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Hitchhiker writing book on kindness shot in Mont.

(CBS/AP) BILLINGS, Mont. - A man hitchhiking across the country and writing a memoir called "The Kindness of America" was shot along a rural highway near northeastern Montana's booming Bakken oil patch, authorities said Monday.

Raymond Dolin, 39, of West Virginia, was shot in the arm by a man he didn't know, CBS Affiliate KTVQ reports.

The drive-by shooting occurred around 6 p.m. Saturday night at a historical marker on Highway 2 west of Glasgow.

Authorities say Dolin sustained a single gunshot wound in the arm, but was able to flag down help and was then transported to the hospital in Glasgow.

A 52-year-old Washington man, Lloyd Danielson III, was arrested about four hours later near Culbertson. Authorities said he was under the influence of drugs or alcohol and apparently headed to Williston, N.D., for work tied to the oil boom.

Valley County authorities say Danielson pulled up alongside Dolin and shot him, then left the scene in a maroon pickup.

"It appears to be an absolute random event," said Valley County Sheriff Glen Meier. "They did not know each other. They did not have a confrontation. He just drove up there and shot him. We're unclear as to why."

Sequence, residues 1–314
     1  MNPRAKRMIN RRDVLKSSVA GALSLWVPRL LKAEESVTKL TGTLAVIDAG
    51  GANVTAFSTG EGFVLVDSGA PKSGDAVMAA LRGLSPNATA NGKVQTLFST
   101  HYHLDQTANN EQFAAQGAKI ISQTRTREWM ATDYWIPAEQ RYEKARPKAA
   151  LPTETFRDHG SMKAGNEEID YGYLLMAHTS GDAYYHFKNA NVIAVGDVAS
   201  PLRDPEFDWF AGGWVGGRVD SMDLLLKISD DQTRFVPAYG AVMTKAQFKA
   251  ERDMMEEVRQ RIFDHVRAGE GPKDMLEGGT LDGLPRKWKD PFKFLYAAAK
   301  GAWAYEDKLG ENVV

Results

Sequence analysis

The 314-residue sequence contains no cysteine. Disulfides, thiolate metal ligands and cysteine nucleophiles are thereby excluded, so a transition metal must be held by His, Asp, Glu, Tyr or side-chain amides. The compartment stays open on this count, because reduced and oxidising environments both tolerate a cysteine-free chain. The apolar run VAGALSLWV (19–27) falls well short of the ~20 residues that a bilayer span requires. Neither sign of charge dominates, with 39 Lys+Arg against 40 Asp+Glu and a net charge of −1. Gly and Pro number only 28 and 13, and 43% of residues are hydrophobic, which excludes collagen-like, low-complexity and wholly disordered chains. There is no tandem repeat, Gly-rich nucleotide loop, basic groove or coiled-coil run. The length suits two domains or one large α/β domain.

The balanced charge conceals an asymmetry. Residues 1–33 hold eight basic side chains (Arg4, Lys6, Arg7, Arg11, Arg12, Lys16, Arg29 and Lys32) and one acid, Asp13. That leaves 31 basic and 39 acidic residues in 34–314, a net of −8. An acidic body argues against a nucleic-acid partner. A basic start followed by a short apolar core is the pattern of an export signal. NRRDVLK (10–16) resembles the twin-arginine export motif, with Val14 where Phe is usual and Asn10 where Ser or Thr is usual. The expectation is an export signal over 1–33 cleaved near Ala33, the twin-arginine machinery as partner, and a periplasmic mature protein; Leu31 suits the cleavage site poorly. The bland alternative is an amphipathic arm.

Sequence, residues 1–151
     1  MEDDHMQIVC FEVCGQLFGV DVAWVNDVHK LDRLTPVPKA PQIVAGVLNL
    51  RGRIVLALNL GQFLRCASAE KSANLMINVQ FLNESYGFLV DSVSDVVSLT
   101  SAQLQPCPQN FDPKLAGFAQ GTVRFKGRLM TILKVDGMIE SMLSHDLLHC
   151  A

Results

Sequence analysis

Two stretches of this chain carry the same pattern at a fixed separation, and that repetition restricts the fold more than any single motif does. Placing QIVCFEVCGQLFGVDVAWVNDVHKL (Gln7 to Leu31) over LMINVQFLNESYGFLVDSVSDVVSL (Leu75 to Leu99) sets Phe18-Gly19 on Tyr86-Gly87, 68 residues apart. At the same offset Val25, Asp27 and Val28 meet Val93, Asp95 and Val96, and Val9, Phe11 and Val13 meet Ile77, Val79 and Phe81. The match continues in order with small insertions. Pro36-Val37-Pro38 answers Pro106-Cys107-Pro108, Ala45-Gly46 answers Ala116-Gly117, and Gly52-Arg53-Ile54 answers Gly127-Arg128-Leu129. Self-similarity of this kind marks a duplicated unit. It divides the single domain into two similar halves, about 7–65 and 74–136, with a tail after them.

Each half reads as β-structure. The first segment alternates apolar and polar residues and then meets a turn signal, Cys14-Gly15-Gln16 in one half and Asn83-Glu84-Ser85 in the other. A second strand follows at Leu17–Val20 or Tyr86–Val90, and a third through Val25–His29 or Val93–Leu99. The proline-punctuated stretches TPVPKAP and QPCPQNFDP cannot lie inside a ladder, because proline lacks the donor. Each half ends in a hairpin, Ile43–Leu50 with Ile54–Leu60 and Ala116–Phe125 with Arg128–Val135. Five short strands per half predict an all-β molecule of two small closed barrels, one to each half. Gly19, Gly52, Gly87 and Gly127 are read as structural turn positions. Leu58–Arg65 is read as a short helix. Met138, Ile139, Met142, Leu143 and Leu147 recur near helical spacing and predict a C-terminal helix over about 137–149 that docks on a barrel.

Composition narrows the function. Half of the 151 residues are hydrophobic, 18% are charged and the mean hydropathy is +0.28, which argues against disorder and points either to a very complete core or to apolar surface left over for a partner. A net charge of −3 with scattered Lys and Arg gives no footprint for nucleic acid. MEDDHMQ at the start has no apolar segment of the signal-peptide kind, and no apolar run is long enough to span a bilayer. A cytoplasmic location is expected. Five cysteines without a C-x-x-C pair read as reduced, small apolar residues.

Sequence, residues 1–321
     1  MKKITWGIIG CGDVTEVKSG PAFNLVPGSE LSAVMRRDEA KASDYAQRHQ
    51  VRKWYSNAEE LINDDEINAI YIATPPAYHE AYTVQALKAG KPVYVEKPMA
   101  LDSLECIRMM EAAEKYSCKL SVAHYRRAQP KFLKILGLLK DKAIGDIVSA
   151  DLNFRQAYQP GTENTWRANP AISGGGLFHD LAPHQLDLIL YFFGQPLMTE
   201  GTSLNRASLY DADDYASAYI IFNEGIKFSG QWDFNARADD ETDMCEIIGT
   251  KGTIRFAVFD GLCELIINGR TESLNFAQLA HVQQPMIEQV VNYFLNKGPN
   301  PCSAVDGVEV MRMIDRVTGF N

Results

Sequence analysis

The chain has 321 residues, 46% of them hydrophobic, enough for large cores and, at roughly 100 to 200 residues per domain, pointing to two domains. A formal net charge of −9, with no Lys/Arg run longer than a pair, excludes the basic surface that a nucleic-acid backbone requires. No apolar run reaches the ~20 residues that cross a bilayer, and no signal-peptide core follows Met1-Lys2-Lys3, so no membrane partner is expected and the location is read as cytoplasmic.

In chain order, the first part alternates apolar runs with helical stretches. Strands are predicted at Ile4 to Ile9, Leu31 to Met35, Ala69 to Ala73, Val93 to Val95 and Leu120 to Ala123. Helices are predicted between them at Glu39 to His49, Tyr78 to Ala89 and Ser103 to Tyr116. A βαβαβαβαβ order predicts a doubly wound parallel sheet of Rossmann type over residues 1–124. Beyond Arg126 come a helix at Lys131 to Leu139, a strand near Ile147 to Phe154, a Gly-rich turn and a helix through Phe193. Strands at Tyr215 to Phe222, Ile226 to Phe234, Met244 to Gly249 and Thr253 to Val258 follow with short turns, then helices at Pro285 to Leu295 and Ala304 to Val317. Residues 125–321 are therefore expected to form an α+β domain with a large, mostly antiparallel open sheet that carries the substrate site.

Danielson is being held on the suspicion of felony assault with a weapon and DUI. He will be transported back to Glasgow on Monday.

Danielson's criminal history in Washington state includes intimidation and assault, Meier said. Details were not immediately available.

The shooting follows another random attack earlier this year in which a 43-year-old teacher from nearby Sidney, Mont., was allegedly kidnapped and killed by two Colorado men on their way to the Bakken.

As the men await trial on charges stemming from Sherry Arnold's death, the case has stoked fears that a once-quiet corner of Montana has been irreversibly altered by the oil boom.

But Meier said Danielson's quick arrest by deputies in Roosevelt County 100 miles away from the shooting shows law enforcement is keeping up with any changes.

"We're still the wonderful people in Montana we've always been, and we'll get through this," Meier said. "Things are going to happen whether there's the Bakken or not."

Dolin was expected to recover and was being treated at Frances Mahon Deaconess Hospital in Glasgow. A nurse said Monday he was not taking calls or accepting messages.

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